The following algorithm is based on work of Ramanujan and has been used in several world-record calculations of pi.

Initialize a_{0} = 6 − 4 √2 and y_{0} = √2 − 1. Then compute

and

The terms a_{n} form a sequence of approximations to 1/π. The error in each approximation is given by

This says that the number of correct digits roughly *quadruples* after each step. To see this, note that the number of correct decimal places after the *n*th step is the negative of the logarithm base 10 of the error:

[The error term goes to zero so quickly that you cannot (in ordinary precision) compute the error bound and then take logarithms; the exp(−2π 4* ^{n}*) term will underflow to zero for n larger than 3. (See why here.) You have to take the log of the error term directly before evaluating numerically.]

The number of correct digits quadruples at each step because the leading term in the numerator above is 4* ^{n}*.

To give a few specifics, *a*_{1} is accurate to 9 digits, *a*_{2} is accurate to 41 digits, and *a*_{3} is accurate to 171 digits. After 10 steps, *a*_{10} is accurate to over 2.8 million digits.

The algorithm given here was state of the art as of 1989. It was used to set world records in 1986. I don’t know whether it has been used more recently.

According to this page, π has been calculated to 6.4 billion digits. You can beat this record if you can carry out 16 steps of the method described here. *a*_{16} would be accurate to over 11 billion digits.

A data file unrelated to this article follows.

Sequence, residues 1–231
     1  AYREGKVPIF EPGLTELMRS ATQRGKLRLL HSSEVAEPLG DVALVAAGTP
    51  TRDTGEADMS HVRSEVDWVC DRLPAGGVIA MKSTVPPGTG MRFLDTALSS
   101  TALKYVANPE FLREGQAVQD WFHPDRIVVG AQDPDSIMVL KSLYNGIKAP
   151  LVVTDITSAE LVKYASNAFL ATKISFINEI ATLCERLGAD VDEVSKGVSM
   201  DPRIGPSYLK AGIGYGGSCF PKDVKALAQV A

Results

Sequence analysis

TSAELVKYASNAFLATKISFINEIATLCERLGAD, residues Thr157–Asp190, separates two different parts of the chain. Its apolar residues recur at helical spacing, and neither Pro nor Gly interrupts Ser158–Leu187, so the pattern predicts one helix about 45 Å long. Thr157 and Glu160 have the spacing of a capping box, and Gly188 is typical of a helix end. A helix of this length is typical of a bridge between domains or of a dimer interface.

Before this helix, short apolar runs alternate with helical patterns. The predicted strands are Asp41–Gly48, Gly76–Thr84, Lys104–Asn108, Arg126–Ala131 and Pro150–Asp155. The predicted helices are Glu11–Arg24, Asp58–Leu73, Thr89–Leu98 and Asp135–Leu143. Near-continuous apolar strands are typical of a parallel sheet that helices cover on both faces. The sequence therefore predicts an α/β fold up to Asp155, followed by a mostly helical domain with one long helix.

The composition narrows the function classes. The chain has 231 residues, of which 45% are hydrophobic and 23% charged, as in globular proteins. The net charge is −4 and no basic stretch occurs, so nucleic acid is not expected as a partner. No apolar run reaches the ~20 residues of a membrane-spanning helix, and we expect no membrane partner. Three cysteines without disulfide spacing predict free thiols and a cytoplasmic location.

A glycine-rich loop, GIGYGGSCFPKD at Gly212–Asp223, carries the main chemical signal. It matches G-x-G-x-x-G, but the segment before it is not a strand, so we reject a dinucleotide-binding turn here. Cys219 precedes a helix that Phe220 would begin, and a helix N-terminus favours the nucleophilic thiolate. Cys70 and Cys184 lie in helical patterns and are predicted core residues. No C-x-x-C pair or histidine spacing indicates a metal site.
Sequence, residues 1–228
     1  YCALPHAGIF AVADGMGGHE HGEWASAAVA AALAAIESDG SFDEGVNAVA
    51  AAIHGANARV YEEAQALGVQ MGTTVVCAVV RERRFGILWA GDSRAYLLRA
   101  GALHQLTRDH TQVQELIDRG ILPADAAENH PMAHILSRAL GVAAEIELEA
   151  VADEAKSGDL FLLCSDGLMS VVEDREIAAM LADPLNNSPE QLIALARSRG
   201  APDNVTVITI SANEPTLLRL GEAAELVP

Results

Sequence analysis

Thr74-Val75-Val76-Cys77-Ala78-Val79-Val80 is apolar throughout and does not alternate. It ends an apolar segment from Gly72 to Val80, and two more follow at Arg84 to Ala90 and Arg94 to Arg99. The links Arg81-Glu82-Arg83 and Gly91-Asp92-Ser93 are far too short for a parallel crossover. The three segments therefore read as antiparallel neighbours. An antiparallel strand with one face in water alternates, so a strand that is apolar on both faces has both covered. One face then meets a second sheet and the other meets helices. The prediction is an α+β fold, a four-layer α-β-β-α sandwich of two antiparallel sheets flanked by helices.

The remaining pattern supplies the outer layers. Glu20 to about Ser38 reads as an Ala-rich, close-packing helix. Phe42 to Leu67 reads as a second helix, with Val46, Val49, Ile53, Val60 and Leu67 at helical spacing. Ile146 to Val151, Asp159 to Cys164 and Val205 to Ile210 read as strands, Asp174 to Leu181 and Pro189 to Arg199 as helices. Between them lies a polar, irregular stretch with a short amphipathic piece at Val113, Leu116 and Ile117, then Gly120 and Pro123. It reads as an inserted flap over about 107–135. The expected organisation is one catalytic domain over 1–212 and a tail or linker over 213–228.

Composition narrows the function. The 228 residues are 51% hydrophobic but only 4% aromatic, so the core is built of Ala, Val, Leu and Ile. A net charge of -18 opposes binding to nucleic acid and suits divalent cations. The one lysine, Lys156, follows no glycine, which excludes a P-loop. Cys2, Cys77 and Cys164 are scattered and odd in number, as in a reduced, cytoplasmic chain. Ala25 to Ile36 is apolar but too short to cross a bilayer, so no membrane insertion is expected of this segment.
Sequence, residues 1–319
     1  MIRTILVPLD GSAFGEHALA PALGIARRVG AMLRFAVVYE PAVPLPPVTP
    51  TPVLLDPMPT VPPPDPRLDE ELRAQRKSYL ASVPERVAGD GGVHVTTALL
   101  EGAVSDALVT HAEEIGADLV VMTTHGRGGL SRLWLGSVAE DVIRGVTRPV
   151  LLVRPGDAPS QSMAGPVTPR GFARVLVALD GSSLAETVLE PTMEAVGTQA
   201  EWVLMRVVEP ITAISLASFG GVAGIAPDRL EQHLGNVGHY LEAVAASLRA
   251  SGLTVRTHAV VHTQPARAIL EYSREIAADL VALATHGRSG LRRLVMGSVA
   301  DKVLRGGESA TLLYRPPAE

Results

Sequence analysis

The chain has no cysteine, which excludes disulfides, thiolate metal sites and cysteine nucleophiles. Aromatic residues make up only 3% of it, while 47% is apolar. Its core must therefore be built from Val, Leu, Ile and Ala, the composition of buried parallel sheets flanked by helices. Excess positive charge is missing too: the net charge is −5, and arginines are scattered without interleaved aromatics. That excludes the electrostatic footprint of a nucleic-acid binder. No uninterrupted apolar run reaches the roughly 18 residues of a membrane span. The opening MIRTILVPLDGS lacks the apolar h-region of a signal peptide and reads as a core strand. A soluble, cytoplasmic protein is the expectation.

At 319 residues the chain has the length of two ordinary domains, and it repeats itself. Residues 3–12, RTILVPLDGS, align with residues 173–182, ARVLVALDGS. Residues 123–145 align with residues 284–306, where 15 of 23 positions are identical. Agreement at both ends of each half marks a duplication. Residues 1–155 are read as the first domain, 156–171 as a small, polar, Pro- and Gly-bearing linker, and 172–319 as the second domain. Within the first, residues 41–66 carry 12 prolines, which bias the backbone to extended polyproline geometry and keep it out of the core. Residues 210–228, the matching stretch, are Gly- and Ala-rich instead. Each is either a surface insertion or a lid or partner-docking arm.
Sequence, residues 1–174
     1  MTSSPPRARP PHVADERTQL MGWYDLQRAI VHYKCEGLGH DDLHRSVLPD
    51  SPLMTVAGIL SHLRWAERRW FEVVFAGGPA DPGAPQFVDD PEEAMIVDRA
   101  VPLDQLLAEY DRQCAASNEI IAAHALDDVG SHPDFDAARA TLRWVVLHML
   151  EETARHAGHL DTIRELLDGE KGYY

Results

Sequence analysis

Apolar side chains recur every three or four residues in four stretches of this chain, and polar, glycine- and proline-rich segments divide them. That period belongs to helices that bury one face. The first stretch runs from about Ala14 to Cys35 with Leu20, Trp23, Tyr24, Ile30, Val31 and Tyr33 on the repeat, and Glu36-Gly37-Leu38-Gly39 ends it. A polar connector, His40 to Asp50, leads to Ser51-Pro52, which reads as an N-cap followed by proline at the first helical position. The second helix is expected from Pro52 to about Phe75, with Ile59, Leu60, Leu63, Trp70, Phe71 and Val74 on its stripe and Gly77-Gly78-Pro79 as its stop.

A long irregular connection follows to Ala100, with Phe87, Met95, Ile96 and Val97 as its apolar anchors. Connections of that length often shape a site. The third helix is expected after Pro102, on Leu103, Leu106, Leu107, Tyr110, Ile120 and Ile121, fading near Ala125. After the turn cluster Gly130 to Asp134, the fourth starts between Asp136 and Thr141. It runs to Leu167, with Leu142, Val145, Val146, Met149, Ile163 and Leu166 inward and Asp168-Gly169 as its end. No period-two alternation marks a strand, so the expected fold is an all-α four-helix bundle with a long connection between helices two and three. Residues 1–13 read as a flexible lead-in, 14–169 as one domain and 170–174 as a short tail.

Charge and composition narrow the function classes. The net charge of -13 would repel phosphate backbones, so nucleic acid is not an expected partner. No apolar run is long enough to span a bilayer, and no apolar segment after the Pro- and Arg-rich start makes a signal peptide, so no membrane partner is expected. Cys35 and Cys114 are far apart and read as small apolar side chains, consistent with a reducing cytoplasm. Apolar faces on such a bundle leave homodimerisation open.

**Update** (18 April 2012): The algorithm used most recently for world record calculations for pi has been the Chudnovsky algorithm. As of October 2011, the record was over 10 trillion digits.

My head just imploded. :-)

If I’m not mistaken, the number must be verified by at least two algorithms (in addition to being longer than any other) before it can be accepted as a world record.

Fantastic post for pi day (3/14)!

Amazing!

It is way more than 6.4 (American) billion digits. We are now on 10 trillions. http://www.numberworld.org/misc_runs/pi-5t/details.html

I’m curious about the choice of initial conditions.

a0 corresponds to an initial estimate of pi of 2.914… which is correct in 0 decimal places. I realize that the choice of y0 is linked to the choice of a0, but the details of how you might choose a better starting point. I guess, since a single iteration gets you to 9 correct digits, it doesn’t matter too much in practice.

hi, im in high school and enjoy maths so i thought to myself, hey why not learn more about pi so here i am on a forum that hasn’t had a comment in like 3 years.

anyway im interested in learning this algorithm but, since i am in highschool, i have a limited source of study material from the school maths textbook and i can not teach my self this algorithm, so could someone explain it to me?

Livito: I’d start by learning calculus. None of the algorithms for computing pi will make much sense without calculus.

would it be possible for you to give me a brief description on calculus

Livito: You could start here: http://en.wikipedia.org/wiki/Calculus

Nice, stumbled over this cool posting by your today’s tweet.

You mentioned 3 steps give 171 digits accuracy, 4 steps show 694 digits precision in nodejs, see comment of this blog posting:

https://www.ibm.com/developerworks/community/blogs/HermannSW/entry/Pi_day_GatewayScript_use_of_decimal_js_arbitrary_precision_decimal_library?lang=en#threadid=10979cbd-c978-4d57-98d9-829b3e90a352